Tuesday, May 31, 2005

Most of the candidates for favorite Ed Barrett poem are too long to type here, including "The Living End," which is a brilliant inversion of Joe Brainard's I Remember (each strophe begins with "I forget..."). Or "Intimations of Immortality," which reads like some crazed awards show—here's a sample:
For Best Thing I Was Ever Told In The Morning: "You Were Laughing So Hard In Your Sleep You Woke Me Up," "No School Today, Ed, There's A Snowstorm," "Breakfast's Ready!"

For Best New Name For A Sexual Practice Among Consenting Adults: "The Cyclops Wears a Halo," "I'm Putting Out The Cat, Dear," "Fidel Castro"

For Best You Figure Out A Category: George Sanders' Brother In The Seventh Victim And Cat People (1953), Patrick Swayze's Brother I Once Saw On A Late Night Rerun of Geraldo, Sylvester Stallone's Brother Who Wrote The Music For Some Of The Rocky Movies
Other good too-long-for-the-blog poems; "A Vision of Ted Berrigan in Cambridge, Massachusetts"; "Letter in Latin to Bill in Vermont"; "Practical Lullabies for Joe" (you can see, again, how personal a poet Barrett is). I think I prefer the wit of his surreal narratives, but he can write a beautiful lyric too. Here's one:

In that clear way

we go for a walk at night
and the dark takes in the last part
like a true dome, which refers
just as much to what it excludes.
In a forest you belong to
one tree then another.

The recent past was only
parallel. The unique event
shining in the silver cup
of the inner ear is preserved
by the semi-precious amber
of characteristic gesture
and account,

cutouts for the season in line
with the next one
like a school play.

But we enjoy the helpless parts.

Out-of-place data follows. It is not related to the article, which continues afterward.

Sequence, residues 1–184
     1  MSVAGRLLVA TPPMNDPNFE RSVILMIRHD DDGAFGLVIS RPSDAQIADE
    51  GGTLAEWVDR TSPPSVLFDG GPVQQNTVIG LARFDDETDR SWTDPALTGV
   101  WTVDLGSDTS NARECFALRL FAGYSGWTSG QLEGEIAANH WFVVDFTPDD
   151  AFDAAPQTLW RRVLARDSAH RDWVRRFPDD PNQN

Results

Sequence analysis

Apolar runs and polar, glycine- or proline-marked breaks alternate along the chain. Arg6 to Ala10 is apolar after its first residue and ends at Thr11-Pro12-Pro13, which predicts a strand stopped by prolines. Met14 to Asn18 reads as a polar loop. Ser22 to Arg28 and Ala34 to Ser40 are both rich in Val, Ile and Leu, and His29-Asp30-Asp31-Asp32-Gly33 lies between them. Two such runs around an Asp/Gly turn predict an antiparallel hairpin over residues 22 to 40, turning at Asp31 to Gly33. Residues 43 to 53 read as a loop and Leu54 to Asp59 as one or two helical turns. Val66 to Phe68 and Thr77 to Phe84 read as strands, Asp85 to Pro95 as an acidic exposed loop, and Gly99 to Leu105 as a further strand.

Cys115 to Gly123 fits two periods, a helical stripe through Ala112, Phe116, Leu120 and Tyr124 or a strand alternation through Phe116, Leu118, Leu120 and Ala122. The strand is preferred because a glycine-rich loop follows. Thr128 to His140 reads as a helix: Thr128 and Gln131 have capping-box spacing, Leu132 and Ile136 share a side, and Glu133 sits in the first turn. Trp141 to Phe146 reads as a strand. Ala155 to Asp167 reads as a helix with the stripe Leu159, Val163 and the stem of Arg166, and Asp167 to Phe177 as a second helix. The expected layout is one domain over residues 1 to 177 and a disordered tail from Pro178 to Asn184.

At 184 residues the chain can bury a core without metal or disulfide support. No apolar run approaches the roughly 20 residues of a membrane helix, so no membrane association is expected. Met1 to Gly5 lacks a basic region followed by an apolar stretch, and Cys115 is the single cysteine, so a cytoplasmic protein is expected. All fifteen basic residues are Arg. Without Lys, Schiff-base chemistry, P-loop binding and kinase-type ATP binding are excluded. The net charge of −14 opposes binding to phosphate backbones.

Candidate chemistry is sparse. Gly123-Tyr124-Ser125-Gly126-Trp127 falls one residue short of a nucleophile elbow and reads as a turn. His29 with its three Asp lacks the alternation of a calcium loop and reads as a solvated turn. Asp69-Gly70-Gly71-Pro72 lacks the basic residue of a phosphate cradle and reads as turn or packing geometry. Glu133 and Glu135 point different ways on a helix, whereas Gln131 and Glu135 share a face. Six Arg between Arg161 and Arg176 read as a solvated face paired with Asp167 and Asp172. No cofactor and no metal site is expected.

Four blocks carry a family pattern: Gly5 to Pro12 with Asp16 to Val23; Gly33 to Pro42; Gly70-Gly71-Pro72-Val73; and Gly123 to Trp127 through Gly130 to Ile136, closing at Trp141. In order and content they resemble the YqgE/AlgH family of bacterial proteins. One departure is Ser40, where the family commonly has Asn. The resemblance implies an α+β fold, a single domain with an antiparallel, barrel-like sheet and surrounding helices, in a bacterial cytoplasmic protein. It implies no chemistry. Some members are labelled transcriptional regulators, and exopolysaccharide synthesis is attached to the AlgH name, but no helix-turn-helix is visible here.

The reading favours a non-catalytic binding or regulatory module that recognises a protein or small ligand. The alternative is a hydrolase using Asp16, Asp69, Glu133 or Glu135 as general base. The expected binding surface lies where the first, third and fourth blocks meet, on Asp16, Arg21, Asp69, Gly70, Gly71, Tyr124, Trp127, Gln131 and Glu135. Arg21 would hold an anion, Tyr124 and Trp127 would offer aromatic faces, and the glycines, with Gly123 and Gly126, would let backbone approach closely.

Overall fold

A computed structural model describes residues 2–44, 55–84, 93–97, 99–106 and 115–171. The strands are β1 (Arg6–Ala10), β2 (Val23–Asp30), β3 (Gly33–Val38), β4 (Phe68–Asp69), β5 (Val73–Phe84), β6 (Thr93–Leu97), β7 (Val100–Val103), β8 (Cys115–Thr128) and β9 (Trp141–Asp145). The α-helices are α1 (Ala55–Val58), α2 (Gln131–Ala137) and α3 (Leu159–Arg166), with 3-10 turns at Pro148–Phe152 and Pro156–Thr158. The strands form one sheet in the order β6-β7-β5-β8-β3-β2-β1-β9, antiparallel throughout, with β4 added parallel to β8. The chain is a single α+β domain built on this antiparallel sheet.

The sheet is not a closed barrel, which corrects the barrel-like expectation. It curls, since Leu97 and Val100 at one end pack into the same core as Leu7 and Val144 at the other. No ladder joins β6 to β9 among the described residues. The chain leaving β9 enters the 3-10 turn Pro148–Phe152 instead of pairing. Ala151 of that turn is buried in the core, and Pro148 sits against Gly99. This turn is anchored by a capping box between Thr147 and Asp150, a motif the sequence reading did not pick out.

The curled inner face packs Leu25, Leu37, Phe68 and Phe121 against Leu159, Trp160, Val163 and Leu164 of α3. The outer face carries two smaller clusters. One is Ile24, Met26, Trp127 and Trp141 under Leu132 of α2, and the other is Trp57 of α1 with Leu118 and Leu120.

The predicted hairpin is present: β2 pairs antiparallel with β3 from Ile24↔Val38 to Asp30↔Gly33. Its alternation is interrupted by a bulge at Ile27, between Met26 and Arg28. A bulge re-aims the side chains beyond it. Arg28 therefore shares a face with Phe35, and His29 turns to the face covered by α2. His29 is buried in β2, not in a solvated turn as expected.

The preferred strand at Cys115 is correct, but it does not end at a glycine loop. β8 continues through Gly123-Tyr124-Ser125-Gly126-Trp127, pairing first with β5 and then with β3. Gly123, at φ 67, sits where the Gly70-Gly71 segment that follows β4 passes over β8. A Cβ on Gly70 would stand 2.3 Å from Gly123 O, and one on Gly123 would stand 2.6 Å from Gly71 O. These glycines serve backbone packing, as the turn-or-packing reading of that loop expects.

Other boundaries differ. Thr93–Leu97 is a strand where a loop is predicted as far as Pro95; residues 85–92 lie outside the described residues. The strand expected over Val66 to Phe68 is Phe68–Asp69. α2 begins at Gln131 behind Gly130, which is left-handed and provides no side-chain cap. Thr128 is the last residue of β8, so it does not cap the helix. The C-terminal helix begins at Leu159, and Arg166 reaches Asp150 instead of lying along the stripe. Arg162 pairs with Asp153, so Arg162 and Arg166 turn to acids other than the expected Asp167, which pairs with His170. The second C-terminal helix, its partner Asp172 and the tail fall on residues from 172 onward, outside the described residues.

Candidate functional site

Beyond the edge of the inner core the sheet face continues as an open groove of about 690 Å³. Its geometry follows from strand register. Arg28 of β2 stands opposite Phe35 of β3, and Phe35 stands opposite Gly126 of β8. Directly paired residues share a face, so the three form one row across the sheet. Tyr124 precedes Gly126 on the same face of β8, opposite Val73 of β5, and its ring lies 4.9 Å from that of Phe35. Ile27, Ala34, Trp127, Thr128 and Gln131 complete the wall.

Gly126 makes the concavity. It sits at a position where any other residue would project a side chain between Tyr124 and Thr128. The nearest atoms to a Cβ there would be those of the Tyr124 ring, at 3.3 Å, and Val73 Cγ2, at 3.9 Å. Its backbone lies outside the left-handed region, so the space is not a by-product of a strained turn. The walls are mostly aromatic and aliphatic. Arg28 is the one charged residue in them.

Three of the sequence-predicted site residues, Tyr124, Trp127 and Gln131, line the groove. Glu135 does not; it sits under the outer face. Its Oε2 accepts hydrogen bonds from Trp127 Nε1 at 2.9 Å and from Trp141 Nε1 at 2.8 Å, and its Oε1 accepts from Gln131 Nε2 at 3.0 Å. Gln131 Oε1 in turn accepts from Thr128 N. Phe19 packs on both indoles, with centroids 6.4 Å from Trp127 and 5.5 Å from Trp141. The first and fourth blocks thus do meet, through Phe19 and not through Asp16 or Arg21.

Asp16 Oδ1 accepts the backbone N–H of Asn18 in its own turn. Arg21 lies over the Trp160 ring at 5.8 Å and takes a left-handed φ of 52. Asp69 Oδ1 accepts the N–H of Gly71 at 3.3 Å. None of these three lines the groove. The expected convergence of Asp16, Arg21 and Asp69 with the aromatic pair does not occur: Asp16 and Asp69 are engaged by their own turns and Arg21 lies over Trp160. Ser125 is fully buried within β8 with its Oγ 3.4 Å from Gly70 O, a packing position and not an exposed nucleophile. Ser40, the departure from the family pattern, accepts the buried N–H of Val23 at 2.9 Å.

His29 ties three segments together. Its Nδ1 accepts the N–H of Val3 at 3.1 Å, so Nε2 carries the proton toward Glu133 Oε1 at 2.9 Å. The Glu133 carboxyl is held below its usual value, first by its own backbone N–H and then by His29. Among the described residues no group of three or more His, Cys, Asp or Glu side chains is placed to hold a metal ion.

The day is all around
like parachute silk and
Greek tragedy:
we go poking on ahead
or driving hard at the clear point,
nipple and twining cord
above the sword grass.
I have always wanted this light

and to become visible in a new way for you,
adequate or inadequate to consolation,
to the secret's in the surface part of things,
thumb and forefinger pressing lightly together
the trajectory in an open
scene for milk and the elements of milk.
Incidentally, it has not escaped my notice that all of the poets mentioned in my previous post are men. Not sure what this means except perhaps that I don't have as strong a sense of the geographical affiliations of the younger female poets I most admire, and those I do don't necessarily fit into my half-assed schema. Are West Coasters Catherine Meng and Stephanie Young apocalyptic transcendentalists? Are New Yorkers Marcella Durand and Corina Copp intimate immanent-ers? Perhaps I should let this latest dichotomy with which to divide poetryland die, yet it's hard to resist the fascination of the category. You can't cross lines if you don't draw some first.

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